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Cattle Touches Record on U.S. Winter Storm: Commodities at Close

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Dec. 19 (Bloomberg) -- The Standard & Poor’s GSCI Spot Index of 24 raw materials rose 0.7 percent to settle at 644.73 at 3:53 p.m. in New York.

The UBS Bloomberg CMCI index of 26 prices declined 0.1 percent to 1,578.92.


Cattle futures climbed to a record for the fourth straight session on speculation that a U.S. winter storm will lower animal weights and delay meat shipments, further shrinking beef supplies.

Blizzard conditions are forecast for tonight and tomorrow with 2 inches to 5 inches (5 centimeters to 13 centimeters) of snow expected in the Central Plains and as much as 15 inches in parts of Iowa and Wisconsin, Joel Widenor, a vice president for Commodity Weather Group in Bethesda, Maryland, said in a telephone interview. During cold, wet weather, livestock need to use more energy to stay warm, leading to lower weights.

On the Chicago Mercantile Exchange, cattle futures for February delivery advanced 1.1 percent to $1.3435 a pound. Prices rallied to a record $1.345, marking the fourth straight session that the contract has reached an all-time high.

Feeder-cattle futures for March settlement added 0.9 percent to $1.5575 a pound on the CME.

Hog futures for February settlement rose 1.5 percent to 86.575 cents a pound, after reaching 86.775 cents, the highest for the most-active contract since Dec. 3.


Crude oil rose to a two-month closing high after the Energy Department said inventories decreased as refineries ramped up operations, increasing demand for crude.

On the Nymex, oil futures for January delivery surged 1.8 percent to $89.51 a barrel.

Brent oil for February settlement increased 1.4 percent to $110.37 a barrel on the London-based ICE Futures Europe exchange.

Trafigura Beheer BV failed to sell a cargo of North Sea Forties crude, the first offer to emerge in about five days. Statoil ASA and Royal Dutch Shell Plc didn’t find sellers for the grade for a third day as they bid at the same price as yesterday.

OAO Surgutneftegas, Russia’s fourth-largest oil producer, issued a tender to sell three cargoes of Urals blend for loading in January from two Baltic ports, according to a document obtained by Bloomberg News.


Gasoline rose as President Barack Obama and House Republican leaders continued budget negotiations and as supplies of the motor fuel fell on the East Coast.

On the Nymex, gasoline futures for January delivery advanced 1.9 percent to $2.7431 a gallon.

Heating-oil futures for January delivery climbed 1.3 percent to $3.0356 a gallon.


Natural gas dropped for the first time in three days as weather forecasts for late December and early January turned warmer.

On the Nymex, gas futures for January delivery fell 2.9 percent to $3.32 per million British thermal units.

U.K. gas prices were little changed as volumes declined and the network manager forecast a balanced system.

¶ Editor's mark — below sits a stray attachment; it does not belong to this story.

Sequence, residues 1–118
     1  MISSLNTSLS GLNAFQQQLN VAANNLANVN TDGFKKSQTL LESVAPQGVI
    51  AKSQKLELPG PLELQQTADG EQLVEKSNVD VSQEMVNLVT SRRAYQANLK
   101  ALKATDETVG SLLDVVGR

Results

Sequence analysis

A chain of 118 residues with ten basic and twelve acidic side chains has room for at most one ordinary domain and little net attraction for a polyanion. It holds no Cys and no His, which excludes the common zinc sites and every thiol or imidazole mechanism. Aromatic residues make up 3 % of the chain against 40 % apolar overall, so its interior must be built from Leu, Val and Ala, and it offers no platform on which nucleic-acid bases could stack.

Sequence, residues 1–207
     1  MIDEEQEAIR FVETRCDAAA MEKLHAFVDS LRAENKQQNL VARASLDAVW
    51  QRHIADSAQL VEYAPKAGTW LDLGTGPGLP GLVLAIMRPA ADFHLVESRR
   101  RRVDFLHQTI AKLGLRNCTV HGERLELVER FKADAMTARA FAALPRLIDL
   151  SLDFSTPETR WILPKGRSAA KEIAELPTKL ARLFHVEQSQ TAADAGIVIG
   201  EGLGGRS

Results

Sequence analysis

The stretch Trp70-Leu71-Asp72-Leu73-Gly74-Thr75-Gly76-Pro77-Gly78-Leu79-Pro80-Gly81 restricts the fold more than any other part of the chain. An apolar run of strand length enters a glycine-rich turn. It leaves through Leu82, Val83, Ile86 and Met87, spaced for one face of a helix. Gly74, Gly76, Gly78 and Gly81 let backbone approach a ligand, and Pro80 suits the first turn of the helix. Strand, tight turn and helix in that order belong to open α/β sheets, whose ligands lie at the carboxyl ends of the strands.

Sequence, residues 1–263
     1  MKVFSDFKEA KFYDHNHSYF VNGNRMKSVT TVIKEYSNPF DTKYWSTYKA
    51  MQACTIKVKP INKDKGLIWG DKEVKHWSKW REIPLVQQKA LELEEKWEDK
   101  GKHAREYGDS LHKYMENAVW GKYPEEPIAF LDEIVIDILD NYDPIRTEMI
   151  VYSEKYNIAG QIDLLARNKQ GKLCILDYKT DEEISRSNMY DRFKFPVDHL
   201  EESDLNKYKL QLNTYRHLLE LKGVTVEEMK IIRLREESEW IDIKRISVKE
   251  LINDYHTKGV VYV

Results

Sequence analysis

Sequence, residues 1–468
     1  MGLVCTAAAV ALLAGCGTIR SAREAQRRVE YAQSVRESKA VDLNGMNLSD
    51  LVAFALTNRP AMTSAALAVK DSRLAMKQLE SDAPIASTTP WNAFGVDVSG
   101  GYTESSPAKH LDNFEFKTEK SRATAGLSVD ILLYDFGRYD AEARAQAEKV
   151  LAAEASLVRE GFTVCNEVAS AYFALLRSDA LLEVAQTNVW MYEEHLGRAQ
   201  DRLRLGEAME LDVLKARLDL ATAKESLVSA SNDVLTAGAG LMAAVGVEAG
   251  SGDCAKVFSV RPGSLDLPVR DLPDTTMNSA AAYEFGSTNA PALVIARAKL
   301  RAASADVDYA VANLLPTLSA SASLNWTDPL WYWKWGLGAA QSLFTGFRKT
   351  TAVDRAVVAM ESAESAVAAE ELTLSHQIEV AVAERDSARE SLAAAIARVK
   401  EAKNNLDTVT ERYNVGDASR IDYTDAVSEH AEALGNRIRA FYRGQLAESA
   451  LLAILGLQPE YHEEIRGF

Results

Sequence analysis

Gas for January climbed 0.09 pence, or 0.1 percent, to 66.95 pence a therm at 4:14 p.m. London time. That’s equal to $10.89 a million British thermal units.


Corn futures tumbled to a five-month low after the government said production of ethanol fell and inventories rose last week.

On the Chicago Board of Trade, corn futures for March delivery declined 2.4 percent to $7.03 a bushel, after touching $7.015, the lowest for a most-active contract since July 11. The grain still is up 8.7 percent this year.

Soybean futures for March delivery dropped 2 percent to $14.31 a bushel, after touching $14.2625, the lowest since Nov. 27.

Wheat futures for March delivery fell 0.7 percent to $8.0575 a bushel.


Copper futures declined in New York to the lowest in more than two weeks as rising inventories signal demand is weakening.

On the Comex in New York, copper futures for March delivery retreated 1.3 percent to $3.6055 a pound, after touching $3.598, the lowest for a most-active contract since Nov. 30.

On the London Metal exchange, copper for delivery in three months fell 1.2 percent to $7,926 a ton ($3.60 a pound), the biggest drop in six weeks.

Aluminum, tin, zinc and nickel were also lower in London. Lead rose.


Gold fell for a second day in New York on speculation that a recovery in U.S. housing and improving prospects for a budget deal in Congress will ease pressure on the Federal Reserve to expand monetary stimulus.

On the Comex, gold futures for February delivery slid 0.2 percent to $1,667.70 an ounce.

Silver futures for March delivery slumped 1.7 percent to $31.116 an ounce, after dropping to $31.085, the lowest since Nov. 6.

On the Nymex, platinum futures for January delivery lost 0.1 percent to $1,592.90 an ounce, capping a third straight decline.

Palladium futures for March delivery climbed 1.1 percent to $698.35 an ounce.


Cocoa dropped to a five-week low on signs of rising supplies from Ivory Coast, the world’s largest producer.

On ICE Futures U.S. in New York, cocoa for March delivery retreated 1.6 percent to $2,358 a ton, after touching $2,345, the lowest for a most-active contract since Nov. 12.

Raw-sugar futures for March delivery declined 0.8 percent to 19.23 cents a pound.

Cotton futures for March delivery fell 0.1 percent to 75.89 cents a pound.

Arabica-coffee futures for March delivery gained 0.6 percent to $1.449 a pound.

Orange-juice futures for March delivery rose 1.4 percent to $1.42 a pound.

To contact the reporter on this story: Thomas Galatola in New York at

To contact the editor responsible for this story: Steve Stroth at

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